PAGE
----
Forbes and Sports Illustrated have released their list of the highest-earning athletes in sports. Here is SportsPickle's exclusive list of the lowest-earning athletes in sports.
Sure, professional athletes make tons of money. But in these economic times, it's not easy to get by on just a few million dollars.
Fortunately, they can supplement their meager incomes with endorsement contracts. But what company to endorse?
This handy flowchart has the answers.
Athletes talk all the time about how sports are a business. And they're right. In fact, many of our sports institutions have clear equivalents in the business world.
Take a look.
Duke : Wall Street
Why they’re similar:Few institutions draw as much ire as Duke and Wall Street, which is strange, because the whiny rich white guys are usually the ones we root for.
Why they’re really similar: No two groups have experienced the wrath of being the recipients of bailouts, whether by ref or government, than these two.
Why they’re different:In the past year the President bet on Wall Street and against Duke. He was wrong about the latter, and if the slightly decaying cardboard that makes up my living room furniture is any indication, he might be wrong about the former, too.
Nike stuck with Tiger Woods during his troubles. And he got a redemption ad. Now the sports apparel giant has announced it's sticking with Ben Roethlisberger, too. Here is Ben's new Nike ad. (VIDEO)
Super Bowl XLIV may have earned record TV ratings, but that has to be of little consolation to the more than 1,600 NFL players who learned this week that they will be without jobs until September 2010 at the earliest in just the latest sign the U.S. economy has yet to recover.
"We wish we could tell them to all to show up on Sunday and play games, but it's not something that's possible right now," said commissioner Roger Goodell. "We'll reevaluate things in the coming months and see where we are come fall. That's all we can promise right now."
Many NFL players say they saw this coming and have socked away some of their income so they can make ends while being unemployed, but other, dumber players have been caught off guard.
"No football? Not even a Pro Bowl?" said Bengals receiver Chad Ochocinco. "I just bought a semi. And launched a new news network. I'm screwed."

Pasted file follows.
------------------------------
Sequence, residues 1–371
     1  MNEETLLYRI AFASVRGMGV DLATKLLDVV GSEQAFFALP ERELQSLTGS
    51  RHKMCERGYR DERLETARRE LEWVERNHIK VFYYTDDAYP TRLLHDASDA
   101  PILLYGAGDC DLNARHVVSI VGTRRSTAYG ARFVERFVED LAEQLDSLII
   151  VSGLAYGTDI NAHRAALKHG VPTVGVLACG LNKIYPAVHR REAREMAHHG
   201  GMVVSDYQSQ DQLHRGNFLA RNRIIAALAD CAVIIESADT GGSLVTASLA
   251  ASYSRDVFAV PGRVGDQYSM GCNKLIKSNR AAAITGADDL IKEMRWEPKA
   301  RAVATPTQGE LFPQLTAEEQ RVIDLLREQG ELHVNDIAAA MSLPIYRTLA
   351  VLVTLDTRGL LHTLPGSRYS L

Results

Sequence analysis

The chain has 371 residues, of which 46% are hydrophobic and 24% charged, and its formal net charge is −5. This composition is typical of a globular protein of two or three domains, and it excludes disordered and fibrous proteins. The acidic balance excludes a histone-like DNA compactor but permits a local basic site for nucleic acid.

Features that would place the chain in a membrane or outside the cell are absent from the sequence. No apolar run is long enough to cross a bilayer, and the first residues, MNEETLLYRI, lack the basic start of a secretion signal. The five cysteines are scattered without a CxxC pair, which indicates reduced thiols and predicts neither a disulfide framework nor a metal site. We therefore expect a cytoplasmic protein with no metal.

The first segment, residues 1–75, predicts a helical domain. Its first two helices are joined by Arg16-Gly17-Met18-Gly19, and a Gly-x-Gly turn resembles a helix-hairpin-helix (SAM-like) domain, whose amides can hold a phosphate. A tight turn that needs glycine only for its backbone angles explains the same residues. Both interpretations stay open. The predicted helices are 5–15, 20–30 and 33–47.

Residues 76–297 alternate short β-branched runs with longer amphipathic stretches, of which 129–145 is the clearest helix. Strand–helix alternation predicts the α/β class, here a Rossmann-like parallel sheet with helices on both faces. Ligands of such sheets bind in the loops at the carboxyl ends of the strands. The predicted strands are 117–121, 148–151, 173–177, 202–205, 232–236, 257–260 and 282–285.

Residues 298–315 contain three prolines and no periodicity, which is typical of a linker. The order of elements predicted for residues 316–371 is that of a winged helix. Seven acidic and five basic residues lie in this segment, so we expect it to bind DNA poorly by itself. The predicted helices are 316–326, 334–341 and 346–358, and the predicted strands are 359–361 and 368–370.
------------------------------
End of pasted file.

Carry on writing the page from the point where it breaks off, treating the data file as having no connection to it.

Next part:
Collegiate stars who were hoping to step right in to the NFL and earn huge salaries are also feeling the pinch and have had to resort to looking for alternate employment options. Collegiate legend Tim Tebow is reportedly even considering going over the border to play in the Canadian Football League. The Arena Football League is no longer an option, as it suspended operations in August 2009 due to bankruptcy.
Goodell hopes that's not in the future for the NFL.
"It's just our offseason," he said. "Relax. We're loaded. I'm actually erecting a Scrooge McDuck-style, gold-filled silo in my office."
SportsPickle is on Facebook as of now.
Let's look at pictures of our families and talk about our shared high school memories! Remember the big game against our rivals? And that crazy party? And what about that one girl who did that thing? And that one teacher, remember?
Well we can do all that and more at http://www.Facebook.com/SportsPickle. (That's right: vanity URL, losers. Woot!)
SportsPickle is on Facebook. Suck it, Friendster.
A scientific survey conducted after Tim Tebow's anti-abortion ad aired during the Super Bowl showed that the spot was remarkably convincing to male viewers. In fact, 99-percent of males said it convinced them to never have an abortion.
"No way. That's a human life. A human life that could grow into a star quarterback," said one survey respondent. "I don't care what a doctor said or how inconvenient it might be, I would give birth to my baby. And then I would find a great woman to raise it."
Prior to the ad airing, most male viewers said they were mixed on the issue of abortion, with a majority saying "it wasn't really up to them." But by the time the 30-second spot ended, those viewpoints had drastically changed.
"I don't know. They made some good points," said a survey participant. "And since we don't really know exactly when life begins, shouldn't we err on the side of preventing abortions. Also, who wouldn't want to have a baby with Tim Tebow's mom? She was pretty hot for an older lady."
Only one male viewer who was surveyed said the ad made them support abortion.
"I'm a dude. If I had a baby in me, I would want to cut it out ASAP," he said. "That's freaky. Why would I keep it? Gross, man. I'd get rid of it before the government started doing all kinds of weird tests on me."
The survey also found that the Tebow commercial had zero impact on female viewers.
Every non-sports fan knows the Super Bowl is about the commercials. And everyone knows that the measure of a good commercial is how memorable it is.
Here are ten Super Bowl commercials from the past that achieved the goal of being memorable. Terribly memorable.
#10 – CareerBuilder.com (2008)
Ohmigod! Is that what women keep in there?! Gross! Now we’re glad we’ve never gotten that far with a girl.
#9: Outpost.com (1998)
Fun Fact: After this commercial aired, 20-percent of the audience bought a Mc D.L.T, 25-percent continued watching the game, and 55-percent had sex with a head of lettuce.
#7 Dirt Devil (1997)
Using Fred Astaire footage to sell a vacuum. Classy! Still, though, it could have been worse. We’re probably not too far away from Ginger Rogers starring in a GoDaddy commercial.
#6 – GM (2007)
Ha-ha! Suicide RULZ! Hopefully this ad didn’t give ideas to anyone who owns GM stock.
#5 – Noxzema (1973)
Too subtle. Way too subtle. “Cream your face.” What’s that supposed to mean? Are we talking about shaving cream or a sex act with an attractive woman? Good advertising needs to be clear, not milky.
#4 – E-Trade (2000)